There have been two published systematic reviews/meta-analyses comparing ACDF versus ACCF in patients with CSM;13,14 this study expanded on the previous studies with new aspects as follows. First, our study updated the previous meta-analysis with several newly published trials. Moreover, in the literature search process, we had no imposition on the language, whereas in the meta-analysis by Han et al, they restricted the language to English.14 Thus, our results would be applied more extensively. Third, we used a meta-analysis technique to assemble the results of eligible studies, and the pooled results were presented in the format of quantitative data; whereas in the systematic review by Jiang et al, they only described the previous relevant studies and did not give a quantitative analysis for these studies.13

Although studies comparing between ACDF and ACCF have been done, the optimal approach that provides better clinical effects in the treatment of CSM remains controversial. We therefore conducted this meta-analysis based on available studies to compare the efficacy and safety between ACDF and ACCF in patients with CSM.

Materials and methods

Literature search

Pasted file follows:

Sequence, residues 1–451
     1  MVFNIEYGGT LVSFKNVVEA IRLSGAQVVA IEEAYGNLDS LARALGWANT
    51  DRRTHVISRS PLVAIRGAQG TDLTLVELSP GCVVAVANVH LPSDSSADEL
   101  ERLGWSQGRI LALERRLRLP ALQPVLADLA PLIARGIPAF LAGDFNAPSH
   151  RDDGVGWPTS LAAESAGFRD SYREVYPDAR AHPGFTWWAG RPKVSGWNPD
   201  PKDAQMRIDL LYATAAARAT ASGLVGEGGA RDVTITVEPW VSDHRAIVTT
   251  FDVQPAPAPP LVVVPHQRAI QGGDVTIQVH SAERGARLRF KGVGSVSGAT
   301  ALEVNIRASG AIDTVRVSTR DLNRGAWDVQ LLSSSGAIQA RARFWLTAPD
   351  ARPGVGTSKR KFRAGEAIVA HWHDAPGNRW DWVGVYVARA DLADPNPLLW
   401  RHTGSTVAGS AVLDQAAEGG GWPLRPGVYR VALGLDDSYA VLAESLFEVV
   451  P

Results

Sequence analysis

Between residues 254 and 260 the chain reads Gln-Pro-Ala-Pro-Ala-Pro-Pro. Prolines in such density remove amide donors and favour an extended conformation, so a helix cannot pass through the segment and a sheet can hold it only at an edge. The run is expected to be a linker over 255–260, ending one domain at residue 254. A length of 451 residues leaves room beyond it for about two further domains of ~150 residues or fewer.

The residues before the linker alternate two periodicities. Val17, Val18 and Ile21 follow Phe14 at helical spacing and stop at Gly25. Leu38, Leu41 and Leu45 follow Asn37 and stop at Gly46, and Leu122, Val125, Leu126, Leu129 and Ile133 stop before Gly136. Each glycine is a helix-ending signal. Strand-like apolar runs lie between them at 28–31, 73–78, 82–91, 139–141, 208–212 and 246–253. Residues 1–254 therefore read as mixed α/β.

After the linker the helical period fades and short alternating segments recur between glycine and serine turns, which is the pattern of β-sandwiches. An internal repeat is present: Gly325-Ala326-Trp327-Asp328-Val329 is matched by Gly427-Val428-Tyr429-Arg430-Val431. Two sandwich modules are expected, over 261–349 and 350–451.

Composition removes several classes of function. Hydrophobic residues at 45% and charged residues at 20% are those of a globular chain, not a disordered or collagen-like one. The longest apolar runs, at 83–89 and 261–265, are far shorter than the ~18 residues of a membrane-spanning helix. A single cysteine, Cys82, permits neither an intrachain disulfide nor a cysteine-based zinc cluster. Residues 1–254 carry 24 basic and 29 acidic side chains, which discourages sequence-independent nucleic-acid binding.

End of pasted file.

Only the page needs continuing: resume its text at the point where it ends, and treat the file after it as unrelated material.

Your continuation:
We conducted this meta-analysis in accordance with the Preferred Reported Items For Systematic Reviews and Meta-analyses guidelines.15 PubMed, Embase, Web of Science, SinoMed (Chinese BioMedical Literature Service System, People’s Republic of China), and CNKI (China National Knowledge Infrastructure, People’s Republic of China) were systematically searched to identify studies that compared the efficacy and safety of ACDF and ACCF in the treatment of CSM. This search was conducted on May 12, 2015 and updated on July 27, 2015. No language limitation was imposed, but was just confined to human subjects. Search items were listed as follows: (“neck” [MeSH Terms] OR “neck” [All Fields] OR “cervical” [All Fields]) AND spondylotic [All Fields] AND (“spinal cord diseases” [MeSH Terms] OR (“spinal” [All Fields] AND “cord” [All Fields] AND “diseases” [All Fields]) OR “spinal cord diseases” [All Fields] OR “myelopathy” [All Fields] OR “bone marrow diseases” [MeSH Terms] OR (“bone” [All Fields] AND “marrow” [All Fields] AND “diseases” [All Fields]) OR “bone marrow diseases” [All Fields]) AND anterior [All Fields] AND (“neck” [MeSH Terms] OR “neck” [All Fields] OR “cervical” [All Fields]) AND corpectomy [All Fields] AND (“Nucl Eng Des/Fusion” [Journal] OR “fusion” [All Fields] OR “FUSION” [Journal] OR “fusion” [All Fields]) AND anterior [All Fields] AND (“neck” [MeSH Terms] OR “neck” [All Fields] OR “cervical” [All Fields]) AND (“diskectomy” [MeSH Terms] OR “diskectomy” [All Fields] OR “discectomy” [All Fields]) AND (“Nucl Eng Des/Fusion” [Journal] OR “fusion” [All Fields] OR “FUSION” [Journal] OR “fusion” [All Fields]). In addition, the reference lists of eligible studies and reviews were also manually searched until no potential articles were found.